But in general, I'm not sure how to take my "popularity." This isn't a popularity contest. I don't mind being liked--I prefer it to the opposite--but I think the jury is still out on the important part of my job--am I helping the students learn? In part my popularity may be due to the fact that I massively overdid the extra credit first quarter. As a result, my students earned far more A+ grades than makes any sense. We'll see how things look at the semester.

I am more relaxed now, and in my district, this is a four-day weekend; we don't have to go back to school until Wednesday. Which means a three-day week, a regular week, then a week off for Thanksgiving, back for three weeks, then two weeks off for Christmas. This is one of my favorite times of the year. I need the time away, for sure.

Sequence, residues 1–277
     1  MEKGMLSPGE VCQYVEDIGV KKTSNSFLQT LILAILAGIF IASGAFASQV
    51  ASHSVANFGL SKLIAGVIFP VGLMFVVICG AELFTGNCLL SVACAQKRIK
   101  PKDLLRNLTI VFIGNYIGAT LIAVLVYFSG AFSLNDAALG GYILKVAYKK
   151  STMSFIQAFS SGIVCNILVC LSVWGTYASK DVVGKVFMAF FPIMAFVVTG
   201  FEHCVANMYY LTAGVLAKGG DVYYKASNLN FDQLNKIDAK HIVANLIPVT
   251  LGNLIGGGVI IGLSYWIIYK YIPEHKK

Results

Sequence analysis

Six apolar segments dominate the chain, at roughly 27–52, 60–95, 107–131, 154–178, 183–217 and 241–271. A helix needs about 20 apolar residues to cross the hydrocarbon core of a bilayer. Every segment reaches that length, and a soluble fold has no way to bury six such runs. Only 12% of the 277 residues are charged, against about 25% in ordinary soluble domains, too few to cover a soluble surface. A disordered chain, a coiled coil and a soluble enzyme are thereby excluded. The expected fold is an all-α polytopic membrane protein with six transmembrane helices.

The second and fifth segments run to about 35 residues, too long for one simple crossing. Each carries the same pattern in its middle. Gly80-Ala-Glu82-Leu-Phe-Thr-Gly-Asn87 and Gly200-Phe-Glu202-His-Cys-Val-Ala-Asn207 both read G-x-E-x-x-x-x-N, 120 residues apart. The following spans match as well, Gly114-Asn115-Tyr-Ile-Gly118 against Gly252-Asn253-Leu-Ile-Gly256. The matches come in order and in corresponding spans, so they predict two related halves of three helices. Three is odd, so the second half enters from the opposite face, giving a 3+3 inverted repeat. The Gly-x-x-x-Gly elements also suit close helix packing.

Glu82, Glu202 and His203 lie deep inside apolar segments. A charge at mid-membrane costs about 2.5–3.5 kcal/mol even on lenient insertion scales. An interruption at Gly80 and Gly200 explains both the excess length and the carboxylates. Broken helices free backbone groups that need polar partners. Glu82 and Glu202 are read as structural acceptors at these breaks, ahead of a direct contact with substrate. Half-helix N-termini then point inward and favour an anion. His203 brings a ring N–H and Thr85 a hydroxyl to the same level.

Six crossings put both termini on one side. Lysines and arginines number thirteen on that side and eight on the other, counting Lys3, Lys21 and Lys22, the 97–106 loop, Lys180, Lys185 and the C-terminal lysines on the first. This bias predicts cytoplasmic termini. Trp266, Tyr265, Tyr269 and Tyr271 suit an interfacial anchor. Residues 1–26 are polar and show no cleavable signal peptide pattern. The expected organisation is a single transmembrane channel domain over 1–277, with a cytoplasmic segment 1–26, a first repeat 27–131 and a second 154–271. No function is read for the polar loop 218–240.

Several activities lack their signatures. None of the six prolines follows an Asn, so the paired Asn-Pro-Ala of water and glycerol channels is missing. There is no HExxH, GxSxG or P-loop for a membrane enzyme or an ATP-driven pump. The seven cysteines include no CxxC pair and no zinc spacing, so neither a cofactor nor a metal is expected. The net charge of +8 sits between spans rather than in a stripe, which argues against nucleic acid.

I am still suffering from the fact that the costs of teaching are all short-term and the benefits are all long term. Given the perfectly natural human tendency to overvalue the immediate and undervalue the future, it is hard for me to keep all this in perspective.

If I could just get a good night's sleep and get my back to stop hurting...

Nov. 24, 2003

Teaching Update

Many of you have asked how teaching is going; I wrote out this description for a college friend of mine and decided to share it with all of you:

Teaching is the hardest thing I have ever done. I am constantly tired, constantly sore and frequently observed and judged. I was none of these things at any point in my journalism career... well, at least not in the last 25 years of it. I have idiot paperwork to do for the State of California. Thank goodness my school is a reasonable and peaceful place.